January 31st, 2007

Blog Herald Column: Should Bloggers Create Commercial Content?


Should Bloggers Create Commercial Content?

Let’s say a blogger who writes about life and family occasionally writes a post through PayPerPost and properly uses the equivalent of “Special Advertising Section” to disclose that the post is paid. In the context of the entire blog, what’s wrong with that relative to how it has worked in other media?

Comments (5 Responses so far)

  1. PayPerPost Adds New Features, But Does PayPerPost Add Up?Scott Karp / Publishing 2.0: Blog Herald Column: Should Bloggers Create Commercial Content?

  2. Nice post Scott. I’m curious whether there is a price and disclosure structure that even you would consider for Publishing 2.0 — your site design could ditch those clunky “Ads by Yahoo!”, but more importantly, you’d be a great example of how it could be done right…

  3. Dan, what’s clunky about the Yahoo ads?

    As I said in my response to your comment over at the Blog Herald, PPP tainted itself by not requiring disclosure out of the gate, and those negative perceptions still persist despite changes in policy. Given the risks, trying to show how it can be done right is a non-trival commitment of time and energy, which I’m probably not prepared to commit to right now. And the risks to reputation are considerable — my reputation is all I’ve got.

  4. What’s clunky — are you kidding? Imagine watching television within a frame around the content that included text/graphic links 24/7 and I think you’ll realize what’s clunky. Your site design could deliver a better viewer experience if a portion of your posts had sponsors and you ditched Yahoo ads. In fact, I’m guessing a single sponsored post per month in your own voice, on topics relevant to your audience could eclipse your Yahoo Ads income.

    Thus, my other question about showing how sponsored posts could be done right. Let’s call it a hypothetical. If you received $100,000 per sponsored post, could you do it the right way? How about $10,000? How about $1,000? How about $100? I’m guessing $10 is too low or else you’d already be a Postie ;-)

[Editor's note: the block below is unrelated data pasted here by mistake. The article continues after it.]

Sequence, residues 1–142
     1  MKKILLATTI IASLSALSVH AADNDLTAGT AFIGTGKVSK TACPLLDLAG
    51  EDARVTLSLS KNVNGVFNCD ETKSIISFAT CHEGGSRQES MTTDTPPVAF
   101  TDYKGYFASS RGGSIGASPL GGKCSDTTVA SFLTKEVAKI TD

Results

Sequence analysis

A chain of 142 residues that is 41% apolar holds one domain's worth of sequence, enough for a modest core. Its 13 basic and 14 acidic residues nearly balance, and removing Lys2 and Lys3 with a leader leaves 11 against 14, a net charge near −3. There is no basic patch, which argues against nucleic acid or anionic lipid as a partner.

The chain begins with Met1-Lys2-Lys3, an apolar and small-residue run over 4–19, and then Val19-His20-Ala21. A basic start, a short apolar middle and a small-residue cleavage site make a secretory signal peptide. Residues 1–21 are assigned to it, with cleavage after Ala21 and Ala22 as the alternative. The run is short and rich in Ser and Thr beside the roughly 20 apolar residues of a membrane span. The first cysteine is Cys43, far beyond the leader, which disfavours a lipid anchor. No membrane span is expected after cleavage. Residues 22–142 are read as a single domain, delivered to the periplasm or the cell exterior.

What $/post would be required to match your Yahoo Ads, TLAs and Feedburner advertisements? I’m also curious how many sponsored posts/month would allow the right ratio of organic::sponsored content and fund further growth of this blog.

    Feel free to answer by email, but I was just curious and always trying to understand how sponsored posts can fit into a blended revenue model for different bloggers…

  5. Dan,

    How much money would be required to invest the time and effort necessary to figure this out is one thing. How much money is required to overcome my misgivings is quite another. I like to think the latter can’t be bought. Which gets back to the perception issue — it doesn’t matter if I make this distinction if members of my blogging community don’t.

  6. Yep, the early days are always funny like that: unclear if something is going to be big/accepted or a historical footnote. Those who figure out the right answer the soonest reap the rewards.

    Your answer prompts an interesting question for any of your readers of this comment thread: Would Scott lose you as a reader if he accepted post sponsorship for topics only relevant to Publishing2.0’s audience, with full/clear disclosure and full control over tone (e.g. positive or negative commentary)? It’s likely the volume of sponsored content would be the deciding factor, so what’s OK: never, 1/year, 1/month, 1/week, 1/day, enough to cover his bills or replace his other ads?

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